Defendant's deafness could pose issue at murder trial

Defendant's deafness could pose issue at murder trial

September 7th, 2009 by Monica Mercer in News

PDF: Tenn. vs. Smith

Attorneys representing a local man who is charged with murder and legally deaf worry his disabilities will cause major logistical hurdles when he goes to trial early next year.

"This will be a very painful process," said defense attorney Karla Gothard, expressing concern that her client, Alex Smith, is in danger of not receiving a fair trial in Hamilton County Criminal Court because of his inability to express himself and understand others and what she says is the court's failure to find a solution to the problem.

"It's kinda like telling a defendant with no legs that he can't use a wheelchair or elevator, but come on up to the third floor anyway and have your day in court," Ms. Gothard said.

Criminal Court Judge Rebecca Stern had ordered that Mr. Smith should receive instruction in sign language, instruction in improving his reading skills and "any other services deemed necessary so as to address the competency concerns."

However, Ms. Gothard said those efforts failed.

Mr. Smith grew up with limited hearing and managed to learn how to talk, though he never learned the critical skills of sign language or lip reading, she said.

More than five years ago, Mr. Smith confessed to shooting and killing in broad daylight a man he claimed had tormented him for years.

Mr. Smith's claim of self-defense in the Jan. 19, 2004, death of Demond Foster will be a critical component of the trial, Ms. Gothard said.

Over the years, Mr. Smith, 33, has become almost totally deaf, which has caused his speech to become virtually unintelligible, and he is unable to fall back on the types of communication that can allow deaf people to function in a hearing world, she said.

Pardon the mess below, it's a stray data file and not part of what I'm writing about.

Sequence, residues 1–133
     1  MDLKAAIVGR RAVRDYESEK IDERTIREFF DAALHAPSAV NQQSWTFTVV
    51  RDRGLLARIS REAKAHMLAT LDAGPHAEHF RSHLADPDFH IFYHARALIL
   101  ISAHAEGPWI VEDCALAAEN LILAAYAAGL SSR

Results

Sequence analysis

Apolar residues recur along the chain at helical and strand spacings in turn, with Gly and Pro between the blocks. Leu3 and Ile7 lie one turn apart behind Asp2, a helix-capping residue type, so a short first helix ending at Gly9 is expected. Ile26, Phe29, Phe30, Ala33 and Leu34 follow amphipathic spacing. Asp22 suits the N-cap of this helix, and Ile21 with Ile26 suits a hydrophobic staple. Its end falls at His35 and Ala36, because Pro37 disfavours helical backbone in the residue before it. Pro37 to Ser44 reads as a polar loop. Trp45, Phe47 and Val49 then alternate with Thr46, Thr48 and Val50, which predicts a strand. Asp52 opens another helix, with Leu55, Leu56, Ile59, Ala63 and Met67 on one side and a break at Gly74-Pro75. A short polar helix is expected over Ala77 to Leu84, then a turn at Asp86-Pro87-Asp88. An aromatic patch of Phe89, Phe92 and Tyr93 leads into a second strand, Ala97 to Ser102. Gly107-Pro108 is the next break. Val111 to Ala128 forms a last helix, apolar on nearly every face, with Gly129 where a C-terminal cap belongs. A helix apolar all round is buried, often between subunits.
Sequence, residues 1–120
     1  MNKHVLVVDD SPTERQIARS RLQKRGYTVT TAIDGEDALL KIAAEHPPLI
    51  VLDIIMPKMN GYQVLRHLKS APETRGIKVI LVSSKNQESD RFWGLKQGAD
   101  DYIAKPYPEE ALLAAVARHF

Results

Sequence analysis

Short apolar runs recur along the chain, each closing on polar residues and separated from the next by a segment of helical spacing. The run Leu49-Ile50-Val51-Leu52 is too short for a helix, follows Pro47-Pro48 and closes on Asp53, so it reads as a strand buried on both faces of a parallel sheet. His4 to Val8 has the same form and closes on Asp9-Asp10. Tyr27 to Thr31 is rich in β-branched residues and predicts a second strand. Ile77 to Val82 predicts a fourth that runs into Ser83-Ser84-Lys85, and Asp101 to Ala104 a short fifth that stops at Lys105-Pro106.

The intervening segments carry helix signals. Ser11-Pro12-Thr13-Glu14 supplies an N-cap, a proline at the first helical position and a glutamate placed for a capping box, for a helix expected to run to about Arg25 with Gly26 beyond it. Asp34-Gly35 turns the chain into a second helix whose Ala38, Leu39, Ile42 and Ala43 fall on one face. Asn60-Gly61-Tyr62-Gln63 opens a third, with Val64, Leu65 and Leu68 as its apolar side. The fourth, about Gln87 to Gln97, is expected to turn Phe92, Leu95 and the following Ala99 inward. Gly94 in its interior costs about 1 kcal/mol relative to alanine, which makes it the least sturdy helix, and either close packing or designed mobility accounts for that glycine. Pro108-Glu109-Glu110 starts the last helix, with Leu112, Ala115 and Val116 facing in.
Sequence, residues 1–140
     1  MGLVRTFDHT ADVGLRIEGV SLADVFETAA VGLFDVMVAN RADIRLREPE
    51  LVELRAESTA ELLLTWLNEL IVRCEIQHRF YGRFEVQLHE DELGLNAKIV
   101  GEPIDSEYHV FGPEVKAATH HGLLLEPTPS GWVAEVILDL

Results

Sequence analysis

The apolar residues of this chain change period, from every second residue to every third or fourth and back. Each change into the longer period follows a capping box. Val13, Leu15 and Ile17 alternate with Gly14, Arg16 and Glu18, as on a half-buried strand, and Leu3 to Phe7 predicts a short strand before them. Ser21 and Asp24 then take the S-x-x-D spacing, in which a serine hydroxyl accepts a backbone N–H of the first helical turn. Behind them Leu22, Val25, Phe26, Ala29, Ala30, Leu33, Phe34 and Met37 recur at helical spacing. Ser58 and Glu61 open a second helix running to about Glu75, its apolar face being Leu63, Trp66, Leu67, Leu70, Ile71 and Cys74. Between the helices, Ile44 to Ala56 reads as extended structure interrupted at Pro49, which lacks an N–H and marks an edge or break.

"I can barely understand him, and I've been dealing with him for five years," Ms. Gothard said.

Mr. Smith's defense team pleaded with a Hamilton County judge late last year to render him incompetent to stand trial.

The plea was not based on claiming an abnormal mental state, as often is argued on behalf of defendants seeking to be declared incompetent. Instead, Mr. Smith's lawyers argued that the court, which normally would use a sign language interpreter to deal with a deaf defendant, had not been able to come up with an effective alternative means to allow Mr. Smith to participate in his own defense.

That circumstance, they argued, effectively renders Mr. Smith incompetent, just as a mental defect would.

Yet the court did try to find a solution through Judge Stern's order for instruction in sign language, reading skills improvement and other services.

A neuropsychologist testified late last year that the prospect of Mr. Smith ever learning sign language was slim at best. Taking into account an IQ of 64 and "very poor" language skills, Dr. Pamela Auble also said Mr. Smith had trouble comprehending words with more than three letters.

"It's going to take a long time" for Mr. Smith to learn better skills, Dr. Auble testified.

Judge Stern ultimately declined to declare Mr. Smith incompetent and recently set his trial for Feb. 2.

At a hearing last week, the judge assured the defense that the trial would proceed as cautiously as possible and that the court would make every effort to ensure Mr. Smith understands the proceedings.